Strangers When We Meet (1960)


A married architect, Larry Coe (Kirk Douglas, Spartacus), falls in love with a neighbor, Maggie Gault (Kim Novak, Vertigo), who is also married.

Reaction & Thoughts:

“There’s so much to say and yet there’s nothing.”

Strangers When We Meet is a serious drama about adult issues for adult audiences. At first glance, the film seems like a conventional story of unfaithfulness, but it is instead an intelligent, observant examination of the Age of Conformity, and how painful it is to realize that complete happiness is unattainable for most people.

Directed by Richard Quine (Pushover) from a script by Evan Hunter (Hitch’s The Birds), who adapted his own novel. Strangers When We Meet charts the development of a doomed extramarital affair in a surprisingly honest and bold manner — the movie contains many frank conversations about sex, love, and life goals.

Some viewers may find the movie a bit slow — Hunter’s screenplay is deliberately paced — but, frankly, I believe that’s the reason it works so well. The more time you spend with the two central characters, the more you understand them. The way they relate to each other and their loved ones is illuminating. In a nutshell, these characters want to be true to themselves and they just can’t do it. It’s very sad, but true-to-life.

All the performances are fantastic, but I was particularly impressed with Kim Novak. Because of a real double standard for men and women regarding infidelity, Novak has to work extra hard to gain the audience’s sympathy. It’s a brilliantly nuanced performance that proves that Novak is much more than just a beautiful woman.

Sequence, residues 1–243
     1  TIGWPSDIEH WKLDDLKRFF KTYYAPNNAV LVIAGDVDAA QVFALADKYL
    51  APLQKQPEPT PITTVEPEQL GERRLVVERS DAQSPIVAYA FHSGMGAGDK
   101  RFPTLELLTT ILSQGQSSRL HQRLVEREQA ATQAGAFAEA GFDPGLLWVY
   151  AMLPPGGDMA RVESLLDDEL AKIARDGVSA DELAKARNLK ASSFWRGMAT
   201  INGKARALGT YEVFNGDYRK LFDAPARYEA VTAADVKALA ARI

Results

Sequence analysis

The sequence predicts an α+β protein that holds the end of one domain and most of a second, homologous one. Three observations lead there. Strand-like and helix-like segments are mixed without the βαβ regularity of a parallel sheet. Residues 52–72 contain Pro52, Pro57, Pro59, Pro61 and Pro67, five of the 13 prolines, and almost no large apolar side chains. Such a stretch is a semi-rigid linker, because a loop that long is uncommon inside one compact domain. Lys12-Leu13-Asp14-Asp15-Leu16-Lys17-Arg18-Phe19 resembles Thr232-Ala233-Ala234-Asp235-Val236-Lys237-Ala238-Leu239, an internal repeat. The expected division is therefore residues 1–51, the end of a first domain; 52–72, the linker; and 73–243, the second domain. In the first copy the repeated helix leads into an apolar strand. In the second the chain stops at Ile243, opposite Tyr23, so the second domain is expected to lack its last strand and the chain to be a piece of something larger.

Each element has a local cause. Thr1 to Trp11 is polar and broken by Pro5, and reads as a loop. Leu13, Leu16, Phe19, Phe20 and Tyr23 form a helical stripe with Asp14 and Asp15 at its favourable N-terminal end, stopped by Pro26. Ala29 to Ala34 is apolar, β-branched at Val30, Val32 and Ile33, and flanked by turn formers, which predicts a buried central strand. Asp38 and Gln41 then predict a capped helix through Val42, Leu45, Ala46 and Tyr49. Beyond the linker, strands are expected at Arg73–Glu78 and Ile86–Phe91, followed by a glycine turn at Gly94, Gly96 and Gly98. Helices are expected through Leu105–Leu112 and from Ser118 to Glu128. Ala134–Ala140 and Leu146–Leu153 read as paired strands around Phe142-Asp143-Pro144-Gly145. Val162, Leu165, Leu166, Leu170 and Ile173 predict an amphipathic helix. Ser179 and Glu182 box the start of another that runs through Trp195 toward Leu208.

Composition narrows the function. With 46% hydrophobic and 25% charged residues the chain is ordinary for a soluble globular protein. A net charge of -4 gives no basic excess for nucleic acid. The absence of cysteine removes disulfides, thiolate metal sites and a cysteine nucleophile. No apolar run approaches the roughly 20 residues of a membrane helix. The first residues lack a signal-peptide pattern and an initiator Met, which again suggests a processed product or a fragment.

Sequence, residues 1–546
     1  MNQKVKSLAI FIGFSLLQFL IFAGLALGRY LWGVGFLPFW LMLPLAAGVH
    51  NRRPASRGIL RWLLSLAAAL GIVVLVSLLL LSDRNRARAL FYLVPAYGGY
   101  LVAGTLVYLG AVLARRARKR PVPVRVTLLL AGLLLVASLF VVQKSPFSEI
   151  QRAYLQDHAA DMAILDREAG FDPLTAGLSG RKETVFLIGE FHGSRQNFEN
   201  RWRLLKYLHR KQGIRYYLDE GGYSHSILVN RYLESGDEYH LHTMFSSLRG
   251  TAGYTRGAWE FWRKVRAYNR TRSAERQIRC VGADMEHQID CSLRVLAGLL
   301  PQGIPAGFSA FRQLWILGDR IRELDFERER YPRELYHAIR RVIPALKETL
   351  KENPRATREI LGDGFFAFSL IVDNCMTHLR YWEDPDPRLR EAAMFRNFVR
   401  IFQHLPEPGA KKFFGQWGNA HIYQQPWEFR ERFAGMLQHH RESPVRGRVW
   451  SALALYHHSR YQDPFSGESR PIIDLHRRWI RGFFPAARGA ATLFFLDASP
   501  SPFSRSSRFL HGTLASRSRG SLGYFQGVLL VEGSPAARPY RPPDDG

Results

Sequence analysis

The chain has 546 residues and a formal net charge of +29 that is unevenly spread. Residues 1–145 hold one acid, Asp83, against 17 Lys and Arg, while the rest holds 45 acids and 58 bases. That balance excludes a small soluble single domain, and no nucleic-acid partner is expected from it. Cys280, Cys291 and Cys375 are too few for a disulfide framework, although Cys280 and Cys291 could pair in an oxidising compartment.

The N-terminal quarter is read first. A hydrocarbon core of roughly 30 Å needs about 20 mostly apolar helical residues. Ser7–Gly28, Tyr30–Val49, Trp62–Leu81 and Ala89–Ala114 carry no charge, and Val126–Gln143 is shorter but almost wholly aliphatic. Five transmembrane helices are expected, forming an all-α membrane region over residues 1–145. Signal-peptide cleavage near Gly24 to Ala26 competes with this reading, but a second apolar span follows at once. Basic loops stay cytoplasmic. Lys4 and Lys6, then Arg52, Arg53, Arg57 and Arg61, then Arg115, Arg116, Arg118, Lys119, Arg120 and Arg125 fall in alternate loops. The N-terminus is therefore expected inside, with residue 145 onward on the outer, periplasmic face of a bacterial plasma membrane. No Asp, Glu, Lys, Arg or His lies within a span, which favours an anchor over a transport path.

Kirk Douglas is every bit as good as Novak, and I also liked Walter Matthau (The Bad News Bears), who is great as Douglas’s diabolically cynical friend. Also with Barbara Rush (The Young Philadelphians), Virginia Bruce (The Great Ziegfeld), Kent Smith (The Spiral Staircase), and, in a rare serious role, comedian Ernie Kovacs (Bell, Book and Candle) as a gifted but insecure bestselling author.

Conclusions & Final Thoughts:

Richard Quine’s Strangers When We Meet is a slick, but perceptive slice of life. It’s hardly a formula movie about illicit lovers. It’s a mature, realistic and wise movie that gives us a real sense of what is to be trapped in conformity. And this might finally convince viewers that actress Kim Novak is as talented as she is beautiful — it’s one of her very best movie roles. Color, 117 minutes, Not Rated.

This is my contribution to The Kim Novak Blogathon, hosted by The Classic Muse.


6 responses to “Strangers When We Meet (1960)

  1. Pingback: Welcome to The Kim Novak Blogathon: A 90th Birthday Celebration!! |·

  2. Excellent post, Eric! The honesty of ‘Strangers’ is very moving and I love how you focused on that aspect in your review. Richard Quine sure was versatile, wasn’t he? From Pushover, to Bell, Book, and Candle, to Strangers…he really could do it all.

    Thanks so much for joining us with this second post, Eric! It was a lovely surprise 🙂

    Liked by 2 people

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